A History of Loss of Wolves

Denali National Park & Preserve 

Four wolf groups that have occupied territory along the Denali National Park visitor road are the Savage, Headquarters, Toklat and Sanctuary. They are the most widely viewed, photographed, and in the case of the Toklat, first studied, wolves in the world. Here is their history ...

1983: The Savage group occupying the eastern portion of the park was completely wiped out by a hunter.

1993: A park researcher accidentally killed the alpha male of the Headquarters group while attempting to radio-collar him.

1995: A trapper illegally snared the sole survivor of the Headquarters group, an alpha female, less than 300 feet outside the park border.

1997-1998: Toklat wolves decline sharply from the usual 10-12 adults to only two.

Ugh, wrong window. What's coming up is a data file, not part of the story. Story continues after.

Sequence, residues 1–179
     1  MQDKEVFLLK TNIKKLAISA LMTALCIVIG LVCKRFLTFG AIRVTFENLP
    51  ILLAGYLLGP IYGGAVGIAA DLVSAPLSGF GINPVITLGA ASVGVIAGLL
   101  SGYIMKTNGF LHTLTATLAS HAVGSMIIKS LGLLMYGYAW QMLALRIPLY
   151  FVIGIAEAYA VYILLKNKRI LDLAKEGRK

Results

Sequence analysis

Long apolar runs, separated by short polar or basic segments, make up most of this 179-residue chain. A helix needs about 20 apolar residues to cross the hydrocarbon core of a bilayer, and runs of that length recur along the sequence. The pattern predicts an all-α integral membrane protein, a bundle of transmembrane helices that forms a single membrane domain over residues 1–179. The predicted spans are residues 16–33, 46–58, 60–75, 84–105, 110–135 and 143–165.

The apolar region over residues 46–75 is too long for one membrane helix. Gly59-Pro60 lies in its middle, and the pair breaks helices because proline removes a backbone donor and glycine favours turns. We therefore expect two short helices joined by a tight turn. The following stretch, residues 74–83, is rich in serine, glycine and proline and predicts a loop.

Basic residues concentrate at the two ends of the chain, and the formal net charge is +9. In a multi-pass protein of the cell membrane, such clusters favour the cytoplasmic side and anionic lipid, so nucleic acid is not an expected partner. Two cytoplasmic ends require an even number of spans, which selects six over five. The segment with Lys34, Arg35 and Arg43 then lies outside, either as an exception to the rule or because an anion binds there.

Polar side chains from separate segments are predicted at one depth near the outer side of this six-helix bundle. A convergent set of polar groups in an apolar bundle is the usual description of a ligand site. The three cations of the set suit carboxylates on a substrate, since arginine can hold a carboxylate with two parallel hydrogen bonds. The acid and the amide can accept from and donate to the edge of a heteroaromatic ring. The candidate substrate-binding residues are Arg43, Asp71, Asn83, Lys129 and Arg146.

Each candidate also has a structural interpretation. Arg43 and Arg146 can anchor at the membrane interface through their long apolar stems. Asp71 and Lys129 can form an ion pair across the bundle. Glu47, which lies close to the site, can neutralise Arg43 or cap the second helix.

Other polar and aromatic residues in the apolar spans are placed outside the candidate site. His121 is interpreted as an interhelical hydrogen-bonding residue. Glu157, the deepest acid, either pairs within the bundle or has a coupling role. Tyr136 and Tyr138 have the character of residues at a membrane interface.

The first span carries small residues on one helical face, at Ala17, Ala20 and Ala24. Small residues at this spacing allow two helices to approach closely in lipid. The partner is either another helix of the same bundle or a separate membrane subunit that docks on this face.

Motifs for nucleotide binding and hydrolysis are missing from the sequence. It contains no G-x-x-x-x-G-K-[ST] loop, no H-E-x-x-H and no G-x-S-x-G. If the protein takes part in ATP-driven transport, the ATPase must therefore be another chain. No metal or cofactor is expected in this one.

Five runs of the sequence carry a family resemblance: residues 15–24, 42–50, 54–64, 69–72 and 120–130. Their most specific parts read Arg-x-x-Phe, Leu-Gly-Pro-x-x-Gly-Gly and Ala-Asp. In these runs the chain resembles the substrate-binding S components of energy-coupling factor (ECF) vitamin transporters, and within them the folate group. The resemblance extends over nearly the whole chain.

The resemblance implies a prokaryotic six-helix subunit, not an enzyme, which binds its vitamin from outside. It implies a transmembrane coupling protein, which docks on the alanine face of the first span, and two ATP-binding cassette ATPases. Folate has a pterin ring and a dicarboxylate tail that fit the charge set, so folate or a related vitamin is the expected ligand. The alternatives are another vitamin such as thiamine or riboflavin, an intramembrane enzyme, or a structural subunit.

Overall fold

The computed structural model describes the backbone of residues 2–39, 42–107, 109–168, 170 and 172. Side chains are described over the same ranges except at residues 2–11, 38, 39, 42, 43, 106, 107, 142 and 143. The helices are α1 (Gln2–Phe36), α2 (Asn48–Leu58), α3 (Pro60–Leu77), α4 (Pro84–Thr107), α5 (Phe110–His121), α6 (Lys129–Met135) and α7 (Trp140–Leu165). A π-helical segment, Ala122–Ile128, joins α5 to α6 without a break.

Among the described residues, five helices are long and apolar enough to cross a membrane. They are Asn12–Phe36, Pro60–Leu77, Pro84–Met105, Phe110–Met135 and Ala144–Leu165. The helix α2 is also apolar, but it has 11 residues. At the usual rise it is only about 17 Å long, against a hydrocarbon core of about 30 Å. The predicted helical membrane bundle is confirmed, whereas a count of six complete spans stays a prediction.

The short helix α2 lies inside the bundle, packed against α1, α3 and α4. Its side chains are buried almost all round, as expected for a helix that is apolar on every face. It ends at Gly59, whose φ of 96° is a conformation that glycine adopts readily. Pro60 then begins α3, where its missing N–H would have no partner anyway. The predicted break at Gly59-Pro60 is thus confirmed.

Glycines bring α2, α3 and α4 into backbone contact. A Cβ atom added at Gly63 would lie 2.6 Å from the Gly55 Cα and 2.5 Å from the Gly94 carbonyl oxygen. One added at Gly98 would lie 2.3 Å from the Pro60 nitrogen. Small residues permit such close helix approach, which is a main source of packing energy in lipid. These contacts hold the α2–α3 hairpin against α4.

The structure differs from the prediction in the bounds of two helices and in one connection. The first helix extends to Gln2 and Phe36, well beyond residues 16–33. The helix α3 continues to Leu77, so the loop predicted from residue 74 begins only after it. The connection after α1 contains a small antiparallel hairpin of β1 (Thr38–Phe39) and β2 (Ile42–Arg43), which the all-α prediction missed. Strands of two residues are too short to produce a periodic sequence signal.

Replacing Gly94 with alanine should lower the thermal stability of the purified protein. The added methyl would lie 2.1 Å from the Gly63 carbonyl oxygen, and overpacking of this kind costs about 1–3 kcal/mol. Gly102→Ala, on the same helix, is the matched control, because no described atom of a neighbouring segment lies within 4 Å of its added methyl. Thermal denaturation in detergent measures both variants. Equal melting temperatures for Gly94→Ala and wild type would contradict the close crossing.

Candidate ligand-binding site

1998: Sanctuary wolves decline from 15 to eight members, with no evidence of any reproduction in the summer of 1998. Only 2-3 adults have been observed in the group as of the fall, 1998.

1999: The surviving members of Denali National Park's world famous Toklat wolves - a wayward male, a young female and their four pups - traveled great distances this past winter. The good news is that they all lived through the trapping season that ended April 30.

Beginning this summer, hundreds of thousands of tourists will be heading to Denali in hopes of catching a glimpse of one or more members of the Toklat pack.

"Reprinted with permission from the Alaska Wildlife Alliance"